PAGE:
Wednesday, September 20, 2017

There is no such thing as 100% uptime

Over the years we have had customers reporting an outage on their websites. Most clients would never even notice this as they occur usually in the middle of the night. However, lots of IT departments use 'pinging' software to continually monitor their sites and take great pleasure in reporting an outage to anyone who cares. (Usually the MD or or the Marketing Department/Director).

So the question of uptime is one we get a lot. And the notion is that if we work hard enough, test out the hosting companies enough, talk to enough people, and generally get smarter, we can find and recommend the right hosting partner who will deliver 100% uptime.

This is not true. And it has nothing to do with our effort, time, research, or overall intelligence.

It’s related to the nature of the internet. And no one can promise you 100% uptime (for a price you’re willing to pay). Want to test what I’m talking about?

The test for what I’m saying is simple:

Here are the steps you can take.
  1. Look up any hosting provider you like (or want to use)
  2. See if they have a 100% uptime guarantee.
  3. Then see if they have any statements after the 100% uptime guarantee.
If they do, they don’t really guarantee 100% uptime. Right? Because why would you need to say more after the 100% uptime guarantee.

If I tell you that I won’t stab you, there are no further statements, right? Not like, “If I do stab you, I will be sure to put a bandaid on the wound,” or “If I end up stabbing you for a reason that isn’t your fault, I promise to drive you to the hospital.” Nope. If the guarantee is 100%, there are no “if” statements afterwards. An uptime guarantee is – no matter which host you look at – simply a promise of what refund the host offers customers if there’s a network outage. The reality is that many companies simply won’t offer you a 100% uptime guarantee. But if they do, they’ll likely articulate exceptions.
  • Failure of systems, internet, infrastructure, network, power, facilities or connections delivered by third parties
  • Applications, software, or operating system failures because of denial of service attacks, hacker activity, or other malicious events
  • Acts of God (weather, etc)
Oh, and maintenance is also an exception. So trust me when I tell you that the tests are clear – you won’t get 100% anywhere.

You could get 100% uptime…but it will cost you
Let’s talk, for just a second, about how you might go about getting 100% uptime, if you really wanted it. To do that, we need to understand what’s happening behind the simple things we do with a browser and the web. When we make a request for a website, imagine that you’re actually asking someone to send you a book, in chapters, via snail mail. (I know, who would do that??)

So let’s say I ask for "Harry Potter and the Goblet of Stone". Here’s what happens in a normal network.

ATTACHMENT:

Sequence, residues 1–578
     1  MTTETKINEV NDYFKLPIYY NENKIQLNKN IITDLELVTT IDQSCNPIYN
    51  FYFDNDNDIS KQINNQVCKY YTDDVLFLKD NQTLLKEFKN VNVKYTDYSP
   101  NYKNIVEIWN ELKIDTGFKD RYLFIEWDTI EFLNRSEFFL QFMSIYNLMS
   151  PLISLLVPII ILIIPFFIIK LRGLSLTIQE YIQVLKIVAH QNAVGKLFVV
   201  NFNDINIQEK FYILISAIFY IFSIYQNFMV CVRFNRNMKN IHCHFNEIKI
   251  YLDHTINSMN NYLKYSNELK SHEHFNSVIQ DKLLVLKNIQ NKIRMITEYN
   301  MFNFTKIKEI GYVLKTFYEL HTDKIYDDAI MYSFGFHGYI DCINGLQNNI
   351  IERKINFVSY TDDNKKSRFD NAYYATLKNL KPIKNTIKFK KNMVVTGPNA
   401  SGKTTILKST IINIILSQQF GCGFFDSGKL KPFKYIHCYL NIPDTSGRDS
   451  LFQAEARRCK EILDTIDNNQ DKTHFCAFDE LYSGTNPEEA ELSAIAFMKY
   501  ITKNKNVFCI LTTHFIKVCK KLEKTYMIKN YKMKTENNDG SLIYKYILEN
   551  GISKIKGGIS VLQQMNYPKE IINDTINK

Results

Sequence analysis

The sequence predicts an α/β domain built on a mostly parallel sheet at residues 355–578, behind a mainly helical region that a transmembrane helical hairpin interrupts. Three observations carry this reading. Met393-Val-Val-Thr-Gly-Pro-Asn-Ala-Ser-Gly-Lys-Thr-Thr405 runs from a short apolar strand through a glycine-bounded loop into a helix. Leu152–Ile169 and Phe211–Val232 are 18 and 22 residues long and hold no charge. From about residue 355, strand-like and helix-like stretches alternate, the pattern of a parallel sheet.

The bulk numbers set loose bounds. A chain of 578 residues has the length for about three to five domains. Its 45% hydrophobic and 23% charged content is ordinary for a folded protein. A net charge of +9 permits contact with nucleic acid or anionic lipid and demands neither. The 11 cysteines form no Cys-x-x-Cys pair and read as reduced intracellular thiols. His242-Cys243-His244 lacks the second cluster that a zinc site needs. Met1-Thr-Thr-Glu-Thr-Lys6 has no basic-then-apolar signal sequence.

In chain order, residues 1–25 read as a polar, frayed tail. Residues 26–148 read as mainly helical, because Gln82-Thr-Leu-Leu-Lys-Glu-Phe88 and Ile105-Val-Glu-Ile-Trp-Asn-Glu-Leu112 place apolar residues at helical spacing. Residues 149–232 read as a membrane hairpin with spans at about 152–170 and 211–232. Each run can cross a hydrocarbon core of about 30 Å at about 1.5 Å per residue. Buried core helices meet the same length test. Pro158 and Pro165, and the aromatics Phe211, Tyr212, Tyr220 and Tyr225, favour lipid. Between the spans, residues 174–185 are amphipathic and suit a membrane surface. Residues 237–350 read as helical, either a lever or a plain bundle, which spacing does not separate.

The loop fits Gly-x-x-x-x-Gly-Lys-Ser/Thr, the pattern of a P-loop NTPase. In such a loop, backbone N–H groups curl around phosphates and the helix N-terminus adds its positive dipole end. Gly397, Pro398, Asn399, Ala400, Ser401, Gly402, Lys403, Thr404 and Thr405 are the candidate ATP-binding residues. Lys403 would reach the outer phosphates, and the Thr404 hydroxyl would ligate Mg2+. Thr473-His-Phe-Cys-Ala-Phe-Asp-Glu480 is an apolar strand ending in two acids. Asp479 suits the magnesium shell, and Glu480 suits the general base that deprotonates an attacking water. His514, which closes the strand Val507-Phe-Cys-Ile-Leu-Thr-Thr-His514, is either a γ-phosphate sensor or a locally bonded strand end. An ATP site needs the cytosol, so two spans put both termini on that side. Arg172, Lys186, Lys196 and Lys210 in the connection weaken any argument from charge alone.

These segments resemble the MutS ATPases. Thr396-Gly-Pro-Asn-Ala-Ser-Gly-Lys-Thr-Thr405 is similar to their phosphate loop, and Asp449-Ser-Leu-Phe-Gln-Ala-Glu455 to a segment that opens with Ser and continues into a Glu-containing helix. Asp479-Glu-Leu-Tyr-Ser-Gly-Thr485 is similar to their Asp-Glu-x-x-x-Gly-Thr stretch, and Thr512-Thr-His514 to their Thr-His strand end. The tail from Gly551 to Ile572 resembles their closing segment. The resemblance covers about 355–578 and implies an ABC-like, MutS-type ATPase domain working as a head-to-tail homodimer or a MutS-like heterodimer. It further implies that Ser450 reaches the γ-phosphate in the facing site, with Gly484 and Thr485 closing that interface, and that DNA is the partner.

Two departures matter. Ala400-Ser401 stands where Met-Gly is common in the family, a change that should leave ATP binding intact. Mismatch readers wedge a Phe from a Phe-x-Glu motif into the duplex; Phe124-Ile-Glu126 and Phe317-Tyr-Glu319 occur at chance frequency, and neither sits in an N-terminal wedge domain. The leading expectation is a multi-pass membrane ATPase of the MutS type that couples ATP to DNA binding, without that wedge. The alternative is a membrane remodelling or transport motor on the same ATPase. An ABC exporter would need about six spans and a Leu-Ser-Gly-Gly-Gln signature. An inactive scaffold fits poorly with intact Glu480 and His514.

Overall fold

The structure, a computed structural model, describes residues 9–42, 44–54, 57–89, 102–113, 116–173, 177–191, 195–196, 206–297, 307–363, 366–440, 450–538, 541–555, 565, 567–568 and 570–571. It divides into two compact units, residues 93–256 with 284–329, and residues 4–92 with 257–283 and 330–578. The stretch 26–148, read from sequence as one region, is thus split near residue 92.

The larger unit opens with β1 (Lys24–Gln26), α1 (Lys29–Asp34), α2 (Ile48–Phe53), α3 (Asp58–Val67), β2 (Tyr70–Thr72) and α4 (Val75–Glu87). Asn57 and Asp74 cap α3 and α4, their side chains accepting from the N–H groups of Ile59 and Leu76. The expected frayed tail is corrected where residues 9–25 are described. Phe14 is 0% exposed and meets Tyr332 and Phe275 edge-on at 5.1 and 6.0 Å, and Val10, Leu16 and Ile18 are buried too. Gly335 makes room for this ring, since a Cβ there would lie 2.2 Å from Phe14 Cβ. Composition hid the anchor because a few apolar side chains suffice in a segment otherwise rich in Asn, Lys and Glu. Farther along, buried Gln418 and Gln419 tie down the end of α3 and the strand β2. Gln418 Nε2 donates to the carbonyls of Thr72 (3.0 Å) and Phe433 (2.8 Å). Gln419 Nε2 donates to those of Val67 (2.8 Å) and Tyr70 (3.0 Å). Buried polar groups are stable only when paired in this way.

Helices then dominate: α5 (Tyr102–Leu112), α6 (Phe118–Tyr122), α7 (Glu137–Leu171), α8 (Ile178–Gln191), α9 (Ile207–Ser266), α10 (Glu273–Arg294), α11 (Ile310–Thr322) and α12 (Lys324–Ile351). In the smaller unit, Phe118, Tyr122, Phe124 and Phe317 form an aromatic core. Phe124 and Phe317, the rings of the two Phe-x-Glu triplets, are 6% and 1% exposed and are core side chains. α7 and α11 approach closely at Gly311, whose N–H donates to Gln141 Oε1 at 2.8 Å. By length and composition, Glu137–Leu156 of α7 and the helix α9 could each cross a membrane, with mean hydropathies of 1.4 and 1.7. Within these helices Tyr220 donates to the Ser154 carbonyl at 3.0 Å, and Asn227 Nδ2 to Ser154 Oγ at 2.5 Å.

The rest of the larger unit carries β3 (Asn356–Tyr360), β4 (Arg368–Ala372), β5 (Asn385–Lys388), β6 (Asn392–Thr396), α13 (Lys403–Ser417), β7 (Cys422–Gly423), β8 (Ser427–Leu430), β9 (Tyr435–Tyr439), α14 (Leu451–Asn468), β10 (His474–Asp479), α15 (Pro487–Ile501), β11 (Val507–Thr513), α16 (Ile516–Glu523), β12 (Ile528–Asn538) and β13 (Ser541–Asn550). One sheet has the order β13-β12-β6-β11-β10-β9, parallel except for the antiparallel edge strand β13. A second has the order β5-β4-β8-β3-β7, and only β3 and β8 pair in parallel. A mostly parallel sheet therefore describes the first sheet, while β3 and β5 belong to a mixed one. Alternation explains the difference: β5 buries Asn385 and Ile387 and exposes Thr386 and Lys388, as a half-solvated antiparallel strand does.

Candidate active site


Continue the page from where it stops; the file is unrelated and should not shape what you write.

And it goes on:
• I send you a note asking you for the book.
  • You collect all the chapters (117 of them).
  • You send me each chapter in a separate manilla envelope addressed to me.
  • You take them all to the mailbox and drop them off.
  • The postman sends them through the system and they arrive at my post office.
  • My mailman delivers them to me.
  • Only, I don’t get chapters 10, 43, 86, and 92.
  • I send you a note asking for those again.
  • You grab copies of those and you resend them to me.
  • The same thing happens, but I still am missing 92.
  • I ask again and this time your delivery reaches me.
  • Then I open all the envelopes and arrange them in order and I start reading.
This is what happens every time we ask for a web page. And all those chapters are data packets. And those post offices (and mailmen) are like routers. And that chatter back and forth about getting all of what I want / need – that’s the internet protocols that send communication back and forth between my browser and your server.

It’s kind of crazy!

Where it gets even more complicated is when you imagine that those packages aren’t getting delivered using the same route. Ever order 10 things from Amazon and get them in different shipments? If you track them via UPS or Fedex, they don’t necessarily go through the same locations or hubs across the country.

That’s the same thing with routers and packet traffic.

Now why is this all important?  Because in a high availability setup, you have to mitigate issues on several fronts. This isn’t just a “use Cloudflare and everything will be ok.” That’s just not true.
One way to mitigate this is to use a different kind of protocol – anycast instead of unicast. This means that instead of me asking you for the book, I can make a request for the book and you and all your friends, spread out everywhere, could react to me individually – based on who is closer.

This translates, technically, to the notion that confuses people because we told everyone that every domain has a unique IP address (like the address of your house). And the reality of using DNS on an Anycast network, is that the IP can be registered on several servers in several locations. Crazy, I know.

That would help with the speed and performance of requests (like the need for some chapters sent again) because they could go to many different locations. Since I’m in Derby, I could hit a server in London. If you’re in New Jersey, you might make a request to a server in New York.

But that’s not the only place where you need redundancy.